• Mutual consent of both spouses.


Specific Grounds for Divorce in Maryland: Adultery, Desertion, Cruelty, and Mutual Consent

Some divorce grounds are deceptively complicated. These grounds include:

  • Adultery;
  • Desertion;
  • Cruel treatment and excessively vicious conduct; and
  • Mutual consent.

Adultery as Grounds for Divorce

To prove adultery in court, you must show the offending spouse had both the “disposition and the opportunity” for relations outside of the marriage.

  • A “disposition” might be public displays of affection – such as handholding, kissing, and hugging – between the guilty spouse and someone else.
  • An “opportunity” might be proving that your spouse was seen entering someone else’s apartment alone at 11 p.m. and not coming out until 8 a.m. the following morning.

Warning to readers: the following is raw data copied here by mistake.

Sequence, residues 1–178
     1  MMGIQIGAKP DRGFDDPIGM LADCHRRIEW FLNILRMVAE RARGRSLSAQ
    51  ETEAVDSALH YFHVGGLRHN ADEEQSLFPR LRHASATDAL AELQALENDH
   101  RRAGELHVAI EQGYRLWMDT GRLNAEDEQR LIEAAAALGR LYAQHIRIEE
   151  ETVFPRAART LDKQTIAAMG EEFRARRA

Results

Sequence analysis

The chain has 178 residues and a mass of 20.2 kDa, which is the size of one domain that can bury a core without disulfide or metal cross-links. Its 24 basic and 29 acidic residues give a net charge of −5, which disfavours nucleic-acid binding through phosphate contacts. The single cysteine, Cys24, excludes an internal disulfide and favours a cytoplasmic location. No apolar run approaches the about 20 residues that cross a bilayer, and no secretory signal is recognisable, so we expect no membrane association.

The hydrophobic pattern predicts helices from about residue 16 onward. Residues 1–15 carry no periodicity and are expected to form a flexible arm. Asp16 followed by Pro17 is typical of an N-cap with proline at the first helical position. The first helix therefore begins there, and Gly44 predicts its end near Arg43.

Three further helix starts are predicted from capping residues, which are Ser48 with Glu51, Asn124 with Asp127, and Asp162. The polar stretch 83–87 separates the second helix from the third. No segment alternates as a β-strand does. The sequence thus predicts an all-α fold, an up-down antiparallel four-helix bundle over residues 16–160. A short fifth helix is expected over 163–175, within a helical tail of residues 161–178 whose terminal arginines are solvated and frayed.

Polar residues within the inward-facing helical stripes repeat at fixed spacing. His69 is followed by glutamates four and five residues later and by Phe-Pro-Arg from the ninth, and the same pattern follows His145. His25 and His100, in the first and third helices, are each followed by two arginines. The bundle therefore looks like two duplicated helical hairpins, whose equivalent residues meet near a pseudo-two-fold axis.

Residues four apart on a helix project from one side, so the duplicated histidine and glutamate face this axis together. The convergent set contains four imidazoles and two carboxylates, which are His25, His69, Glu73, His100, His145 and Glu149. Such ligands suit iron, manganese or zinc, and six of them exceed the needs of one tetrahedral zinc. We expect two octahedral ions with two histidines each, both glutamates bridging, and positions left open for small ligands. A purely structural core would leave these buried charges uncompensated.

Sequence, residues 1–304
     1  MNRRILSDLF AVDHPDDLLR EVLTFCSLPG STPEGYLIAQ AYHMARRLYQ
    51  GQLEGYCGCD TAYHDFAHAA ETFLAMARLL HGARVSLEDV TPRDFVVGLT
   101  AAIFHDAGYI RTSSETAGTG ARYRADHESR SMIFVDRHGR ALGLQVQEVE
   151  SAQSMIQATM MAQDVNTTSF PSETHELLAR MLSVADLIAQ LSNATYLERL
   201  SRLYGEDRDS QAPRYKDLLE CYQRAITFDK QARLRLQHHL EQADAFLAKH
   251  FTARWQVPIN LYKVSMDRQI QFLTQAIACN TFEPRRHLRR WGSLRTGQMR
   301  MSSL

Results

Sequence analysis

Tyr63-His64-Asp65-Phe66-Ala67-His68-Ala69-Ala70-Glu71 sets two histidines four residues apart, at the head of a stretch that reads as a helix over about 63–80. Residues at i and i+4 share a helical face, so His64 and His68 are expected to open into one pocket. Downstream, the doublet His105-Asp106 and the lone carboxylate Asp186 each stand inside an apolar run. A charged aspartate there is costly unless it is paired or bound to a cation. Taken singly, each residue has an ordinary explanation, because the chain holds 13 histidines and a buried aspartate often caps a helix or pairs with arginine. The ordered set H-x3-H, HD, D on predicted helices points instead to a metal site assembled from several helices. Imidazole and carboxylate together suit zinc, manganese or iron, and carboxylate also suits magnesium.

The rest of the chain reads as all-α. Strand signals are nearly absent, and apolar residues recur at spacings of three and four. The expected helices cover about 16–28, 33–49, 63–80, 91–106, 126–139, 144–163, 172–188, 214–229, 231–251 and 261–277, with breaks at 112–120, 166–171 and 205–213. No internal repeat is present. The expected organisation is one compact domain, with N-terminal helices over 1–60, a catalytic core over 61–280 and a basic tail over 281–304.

The court does not accept verbal admissions of adultery. You must prove it through text messages, pictures, e-mails, and similar items. If a cheating partner has either fathered or borne a child whose biological parent is not the other spouse during the marriage, then the court may consider that as proof of adultery.

The law is not completely clear about how adultery relates to same-sex marriages. However, the Maryland Attorney General issued an opinion stating that adultery should include “a spouse’s extramarital sexual infidelity with a person of the same sex.”

Desertion as Grounds for Divorce

Desertion is a fault-based ground for divorce that can be either “actual” or “constructive.”

In “actual” desertion, the deserting spouse generally permanently leaves the family home without justification. To prove actual desertion, the spouse seeking the divorce must prove ALL of the following elements:

  • The desertion has continued uninterrupted for 12 months;
  • The deserting spouse intended to end the marriage;
  • Cohabitation has ended;